IM Imagine Museum
Comprehensive Survey of Contemporary Glass Art – 1960s to present
Featuring preeminent works from the American Studio Glass Movement and an extraordinary selection of contemporary glass sculptures from around the world. Imagine Museum has over 500 significant pieces of glass works on display from their 1500-piece collection. The artwork is dramatically displayed throughout the 48,000 square feet of gallery space.
The Museum hosts multiple events, tours and educational programs designed to inform, inspire and uplift all who visit. Interactive spatial computing opportunities (augmented reality and virtual reality) are part of the memorable visual experience offered. The gallery exhibitions change throughout the year to expose the viewer to new artists and new works from the collection.
IM’s elegant retail space is filled with every type of glass jewelry, glass keepsakes, children’s toys and art books. The Museum is open Tuesday through Sunday. All levels of Membership and engagement are welcomed.
Rental space is available for private parties, business meetings, small gatherings and family celebrations. For more information, go to: www.imaginemuseum.com.
BY MARVIN LIPOFSKY
7-PART SEAFORM SET
7-PART SEAFORM SET
BY DALE CHIHULY
A BRIEF HISTORY OF AMERICAN GLASS ART
The 1960s cultural world was marked by creative Americans making major statements worldwide.
While the world was listening to the rock and roll tunes of Elvis Presley, reading the words of J.D. Salinger, and standing in the architecture of Louis Kahn, the American Studio Glass Movement was quietly coming to life. The invention of the first studio glass furnace was introduced in 1962 by Harvey Littleton. He was a ceramic artist who understood the use of heat to make a natural material bend to an artist’s demands. He joined forces with a colleague, Dominick Labino, who presented a low-melting glass formula. Working together these two artists built the first furnace for melting glass designed to fit within an artist’s studio. This innovation allowed individual American artists to work with melted glass in the privacy of their own studios outside of the factory setting.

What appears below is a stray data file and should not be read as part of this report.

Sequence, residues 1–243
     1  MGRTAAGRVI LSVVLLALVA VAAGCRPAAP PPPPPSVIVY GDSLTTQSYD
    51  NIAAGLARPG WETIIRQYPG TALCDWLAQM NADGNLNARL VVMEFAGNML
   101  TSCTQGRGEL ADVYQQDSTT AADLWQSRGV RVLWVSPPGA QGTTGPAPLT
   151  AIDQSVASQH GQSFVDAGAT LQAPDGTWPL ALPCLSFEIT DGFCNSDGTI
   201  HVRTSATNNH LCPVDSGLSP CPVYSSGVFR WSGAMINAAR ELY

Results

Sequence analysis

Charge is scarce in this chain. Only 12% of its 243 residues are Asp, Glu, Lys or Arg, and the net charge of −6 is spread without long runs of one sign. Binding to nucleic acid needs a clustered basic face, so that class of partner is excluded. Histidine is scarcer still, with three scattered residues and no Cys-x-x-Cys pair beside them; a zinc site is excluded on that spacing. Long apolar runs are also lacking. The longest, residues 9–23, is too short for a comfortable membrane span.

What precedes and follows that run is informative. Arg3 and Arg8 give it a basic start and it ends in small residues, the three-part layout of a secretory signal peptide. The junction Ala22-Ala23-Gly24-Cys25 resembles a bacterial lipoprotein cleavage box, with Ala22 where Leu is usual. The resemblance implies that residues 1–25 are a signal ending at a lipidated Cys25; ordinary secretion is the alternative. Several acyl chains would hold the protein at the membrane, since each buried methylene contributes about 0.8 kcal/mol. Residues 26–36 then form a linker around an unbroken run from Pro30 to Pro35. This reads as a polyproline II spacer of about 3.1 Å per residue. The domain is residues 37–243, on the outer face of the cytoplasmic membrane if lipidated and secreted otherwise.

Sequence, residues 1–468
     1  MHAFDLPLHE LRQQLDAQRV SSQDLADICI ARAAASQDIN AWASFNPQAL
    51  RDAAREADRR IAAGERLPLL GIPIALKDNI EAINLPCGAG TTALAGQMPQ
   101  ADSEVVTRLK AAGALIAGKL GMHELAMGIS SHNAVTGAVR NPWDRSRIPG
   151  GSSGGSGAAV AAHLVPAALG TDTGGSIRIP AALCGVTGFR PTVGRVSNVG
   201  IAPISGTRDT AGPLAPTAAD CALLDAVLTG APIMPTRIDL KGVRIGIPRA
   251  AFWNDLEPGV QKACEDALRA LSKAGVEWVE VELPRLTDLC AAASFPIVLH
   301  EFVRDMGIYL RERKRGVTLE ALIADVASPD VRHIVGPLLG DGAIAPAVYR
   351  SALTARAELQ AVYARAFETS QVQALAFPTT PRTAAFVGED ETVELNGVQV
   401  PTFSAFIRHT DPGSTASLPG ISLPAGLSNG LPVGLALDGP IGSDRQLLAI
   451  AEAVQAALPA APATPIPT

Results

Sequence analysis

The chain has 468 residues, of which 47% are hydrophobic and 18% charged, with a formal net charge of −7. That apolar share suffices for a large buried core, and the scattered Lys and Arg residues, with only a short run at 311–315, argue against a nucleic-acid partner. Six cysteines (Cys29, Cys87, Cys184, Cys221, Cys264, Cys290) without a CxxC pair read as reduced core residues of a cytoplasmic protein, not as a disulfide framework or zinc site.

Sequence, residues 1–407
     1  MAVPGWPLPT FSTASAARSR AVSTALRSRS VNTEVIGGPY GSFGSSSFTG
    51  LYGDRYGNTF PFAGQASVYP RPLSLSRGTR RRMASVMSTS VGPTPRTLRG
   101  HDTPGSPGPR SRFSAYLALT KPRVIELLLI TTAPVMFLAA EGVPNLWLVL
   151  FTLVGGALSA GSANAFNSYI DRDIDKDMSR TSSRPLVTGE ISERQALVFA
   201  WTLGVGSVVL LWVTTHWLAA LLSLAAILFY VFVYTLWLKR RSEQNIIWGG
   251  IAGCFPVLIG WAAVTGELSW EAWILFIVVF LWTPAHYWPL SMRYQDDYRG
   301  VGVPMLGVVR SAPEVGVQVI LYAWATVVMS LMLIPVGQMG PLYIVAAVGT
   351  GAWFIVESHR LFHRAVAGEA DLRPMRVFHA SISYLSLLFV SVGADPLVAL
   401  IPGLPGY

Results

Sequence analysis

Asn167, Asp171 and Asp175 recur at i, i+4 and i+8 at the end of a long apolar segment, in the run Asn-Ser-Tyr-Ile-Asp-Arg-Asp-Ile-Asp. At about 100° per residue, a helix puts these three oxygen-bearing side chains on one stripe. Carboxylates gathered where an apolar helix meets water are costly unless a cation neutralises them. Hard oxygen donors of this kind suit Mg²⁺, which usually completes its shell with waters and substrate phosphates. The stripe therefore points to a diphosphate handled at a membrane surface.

Earlier in 1961, Henry Geldzahler, a prominent contemporary art curator at The Metropolitan Museum of Art, added the work of an emerging American artist, Dale Chihuly to the museum’s collection. The unique quality of Dale Chihuly’s work was his medium, glass. At the time Henry’s comment was “despite its five-thousand-year history, glass becomes a fine-art medium only when universities established small glass blowing studios.”
In 1963, Harvey Littleton started the first glass graduate program at the University of Wisconsin in Madison. Soon after Chihuly received a degree from the same program and went on to study and lead the glass program at the Rhode Island School of Design. Marvin Lipofsky, another student from the Madison program established the same program at the University of California, Berkeley, California. The American artists who joined this early movement—Henry Halem, Fritz Driesbach, Mark Peiser, Joel Philip Myers, Howard BenTre, Richard Marquis—to name a few, continued to work and teach in this medium throughout the country in different ways and with different techniques.
From these early influential glass pioneers, American artists continue to work in new innovative ways, using the material and creating works of art not seen before. Imagine Museum’s collection is comprised of over 500 works from various collections; notably collectors Jean and Hilbert Sosin, Alfred Merritt, and Ralph and Eve Goldstein. Our goal with this exhibition is to tell the story of studio glass from its beginnings in the early 1960s, through to the present, and to share the significant advancements and contributions made by these American artists to the overall visual dialogue of the late 20th century and early 21st century. An art movement is defined by new ways of creating works of art as well as how it pioneers a path to make an enduring historical imprint on the world of art.